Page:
Copper is the earliest metal known to man, with its first use dating back around 10,000 years. The Copper Age spanned the period of 3500 BC to 2300 BC, mainly centred around the Eastern Mediterranean civilisations. Large deposits of copper were found in Cyprus around 3000 BC. When the island fell under Roman rule, the metal was given the Latin name “aes cyprium”, later changed to “cuprum”. This is where the metal’s chemical symbol of Cu comes from. Its atomic number is 29.
Copper is malleable, ductile, rather soft and has very high thermal and electrical conductivity. In its pure state it has a reddish-orange colour. Its melting point is at 1084.62°C. Its major uses are in power and telecommunications cabling, plumbing, roofing and brass fittings. It is also used in chemicals to protect crops.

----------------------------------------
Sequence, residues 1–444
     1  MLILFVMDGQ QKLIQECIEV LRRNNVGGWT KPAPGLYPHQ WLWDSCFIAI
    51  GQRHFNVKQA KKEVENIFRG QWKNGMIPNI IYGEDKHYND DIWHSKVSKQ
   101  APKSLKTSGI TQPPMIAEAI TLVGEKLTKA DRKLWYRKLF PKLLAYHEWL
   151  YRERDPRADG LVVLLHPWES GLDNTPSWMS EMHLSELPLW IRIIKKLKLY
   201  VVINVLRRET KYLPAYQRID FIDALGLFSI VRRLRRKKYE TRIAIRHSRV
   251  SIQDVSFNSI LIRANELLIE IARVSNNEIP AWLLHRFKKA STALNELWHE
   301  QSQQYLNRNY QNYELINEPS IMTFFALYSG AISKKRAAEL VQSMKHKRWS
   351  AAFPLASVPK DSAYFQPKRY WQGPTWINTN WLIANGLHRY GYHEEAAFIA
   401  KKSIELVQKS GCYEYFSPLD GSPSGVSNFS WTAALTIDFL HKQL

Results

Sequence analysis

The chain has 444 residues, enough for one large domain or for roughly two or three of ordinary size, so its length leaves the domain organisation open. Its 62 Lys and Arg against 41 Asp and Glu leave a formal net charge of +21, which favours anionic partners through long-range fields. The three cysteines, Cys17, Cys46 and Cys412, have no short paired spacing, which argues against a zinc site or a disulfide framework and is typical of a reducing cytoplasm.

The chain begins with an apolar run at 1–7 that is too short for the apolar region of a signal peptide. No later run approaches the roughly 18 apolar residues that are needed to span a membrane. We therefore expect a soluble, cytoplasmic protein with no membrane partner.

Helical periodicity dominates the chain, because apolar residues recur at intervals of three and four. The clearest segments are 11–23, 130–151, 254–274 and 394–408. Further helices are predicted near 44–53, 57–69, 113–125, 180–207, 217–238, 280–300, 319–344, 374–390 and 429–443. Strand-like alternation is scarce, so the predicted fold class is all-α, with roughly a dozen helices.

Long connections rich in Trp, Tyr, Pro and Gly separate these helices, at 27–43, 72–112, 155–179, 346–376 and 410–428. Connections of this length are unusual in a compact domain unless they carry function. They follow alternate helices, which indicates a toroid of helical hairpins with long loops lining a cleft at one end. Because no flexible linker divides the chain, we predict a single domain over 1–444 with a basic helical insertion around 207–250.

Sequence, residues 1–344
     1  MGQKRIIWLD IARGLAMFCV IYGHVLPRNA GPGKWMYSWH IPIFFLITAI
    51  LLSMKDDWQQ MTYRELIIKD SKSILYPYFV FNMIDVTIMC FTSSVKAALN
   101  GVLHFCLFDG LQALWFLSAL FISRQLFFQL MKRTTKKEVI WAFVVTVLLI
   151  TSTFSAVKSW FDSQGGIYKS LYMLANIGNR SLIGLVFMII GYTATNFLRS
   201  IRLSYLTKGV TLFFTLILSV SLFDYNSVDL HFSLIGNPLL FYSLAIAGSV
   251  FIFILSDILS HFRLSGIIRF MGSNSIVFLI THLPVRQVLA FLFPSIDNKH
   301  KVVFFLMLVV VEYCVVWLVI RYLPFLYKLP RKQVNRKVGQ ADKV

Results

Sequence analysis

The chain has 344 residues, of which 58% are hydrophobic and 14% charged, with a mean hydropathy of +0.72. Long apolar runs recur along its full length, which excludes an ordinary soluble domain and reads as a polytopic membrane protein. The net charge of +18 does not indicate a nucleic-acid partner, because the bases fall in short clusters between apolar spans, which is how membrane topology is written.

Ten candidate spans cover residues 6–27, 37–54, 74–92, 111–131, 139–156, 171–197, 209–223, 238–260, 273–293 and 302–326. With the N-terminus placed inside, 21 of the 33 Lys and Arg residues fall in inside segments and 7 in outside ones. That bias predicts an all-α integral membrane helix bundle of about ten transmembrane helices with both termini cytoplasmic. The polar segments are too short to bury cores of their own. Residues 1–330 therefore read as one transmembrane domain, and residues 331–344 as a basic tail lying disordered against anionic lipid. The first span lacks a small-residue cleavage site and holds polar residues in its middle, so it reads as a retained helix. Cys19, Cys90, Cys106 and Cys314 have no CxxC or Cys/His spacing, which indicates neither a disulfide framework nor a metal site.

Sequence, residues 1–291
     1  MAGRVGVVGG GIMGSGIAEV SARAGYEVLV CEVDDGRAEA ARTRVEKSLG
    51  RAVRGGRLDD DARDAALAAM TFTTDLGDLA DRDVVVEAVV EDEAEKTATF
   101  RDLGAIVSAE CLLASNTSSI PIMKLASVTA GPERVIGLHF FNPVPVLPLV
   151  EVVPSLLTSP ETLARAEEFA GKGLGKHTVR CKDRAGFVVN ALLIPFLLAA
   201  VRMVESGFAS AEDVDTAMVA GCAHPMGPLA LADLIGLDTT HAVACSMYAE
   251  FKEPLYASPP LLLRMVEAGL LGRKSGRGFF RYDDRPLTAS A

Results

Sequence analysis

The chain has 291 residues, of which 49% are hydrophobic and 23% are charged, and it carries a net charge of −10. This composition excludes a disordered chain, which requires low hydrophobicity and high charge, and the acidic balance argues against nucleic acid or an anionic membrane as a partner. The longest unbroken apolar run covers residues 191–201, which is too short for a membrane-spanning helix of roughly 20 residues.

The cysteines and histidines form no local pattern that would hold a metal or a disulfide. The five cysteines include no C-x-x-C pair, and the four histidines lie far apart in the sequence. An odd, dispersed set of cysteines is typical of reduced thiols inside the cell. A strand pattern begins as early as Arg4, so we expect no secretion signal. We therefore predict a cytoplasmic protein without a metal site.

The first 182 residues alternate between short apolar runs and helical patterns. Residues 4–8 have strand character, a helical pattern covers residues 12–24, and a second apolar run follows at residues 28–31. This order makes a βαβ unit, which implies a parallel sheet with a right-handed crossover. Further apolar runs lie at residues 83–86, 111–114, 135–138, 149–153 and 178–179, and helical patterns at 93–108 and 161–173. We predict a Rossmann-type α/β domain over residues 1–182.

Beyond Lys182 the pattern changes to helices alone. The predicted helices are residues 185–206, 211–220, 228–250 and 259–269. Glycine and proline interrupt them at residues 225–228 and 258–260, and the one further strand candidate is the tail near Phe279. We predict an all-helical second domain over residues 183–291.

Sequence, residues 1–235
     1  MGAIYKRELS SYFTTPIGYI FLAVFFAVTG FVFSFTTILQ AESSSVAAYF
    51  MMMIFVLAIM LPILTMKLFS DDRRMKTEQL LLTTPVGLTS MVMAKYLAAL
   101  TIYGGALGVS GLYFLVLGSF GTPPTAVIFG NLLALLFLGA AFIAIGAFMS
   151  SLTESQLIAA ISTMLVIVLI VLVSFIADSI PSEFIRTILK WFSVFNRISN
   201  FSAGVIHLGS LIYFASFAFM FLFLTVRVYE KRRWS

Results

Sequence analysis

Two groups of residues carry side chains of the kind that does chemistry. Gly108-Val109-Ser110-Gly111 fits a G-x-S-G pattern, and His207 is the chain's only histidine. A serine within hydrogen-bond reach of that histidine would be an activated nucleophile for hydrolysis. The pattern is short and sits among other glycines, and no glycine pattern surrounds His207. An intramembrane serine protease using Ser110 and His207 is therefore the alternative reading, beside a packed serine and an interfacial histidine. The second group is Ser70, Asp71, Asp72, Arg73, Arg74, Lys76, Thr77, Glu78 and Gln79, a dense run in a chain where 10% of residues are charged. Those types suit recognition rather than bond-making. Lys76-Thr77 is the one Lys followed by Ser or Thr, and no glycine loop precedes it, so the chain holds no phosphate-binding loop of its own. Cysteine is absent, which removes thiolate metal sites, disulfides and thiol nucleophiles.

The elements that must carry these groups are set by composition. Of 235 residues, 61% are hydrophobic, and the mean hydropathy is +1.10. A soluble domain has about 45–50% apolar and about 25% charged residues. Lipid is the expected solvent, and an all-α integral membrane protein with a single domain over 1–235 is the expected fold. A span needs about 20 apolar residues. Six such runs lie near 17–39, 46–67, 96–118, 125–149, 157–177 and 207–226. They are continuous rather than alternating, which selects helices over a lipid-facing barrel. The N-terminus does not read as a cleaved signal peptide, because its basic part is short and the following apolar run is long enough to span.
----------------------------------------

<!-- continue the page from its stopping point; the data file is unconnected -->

Chile is the world’s biggest producer of copper, followed by Peru, China, the US, the Democratic Republic of Congo (DRC), Australia and Zambia. The area along the border between the DRC and Zambia is rich in copper deposits and is known as the Copperbelt.
Mercury Commercial is a supplier of Grade A copper cathodes of 99.99% purity, compliant with the “Copper and Copper Alloys, Copper Cathodes” specifications as per BS EN 1978-1998 (Cu-Cath-1). The cathodes are of DRC origin and are shipped from Tanzania or Zambia.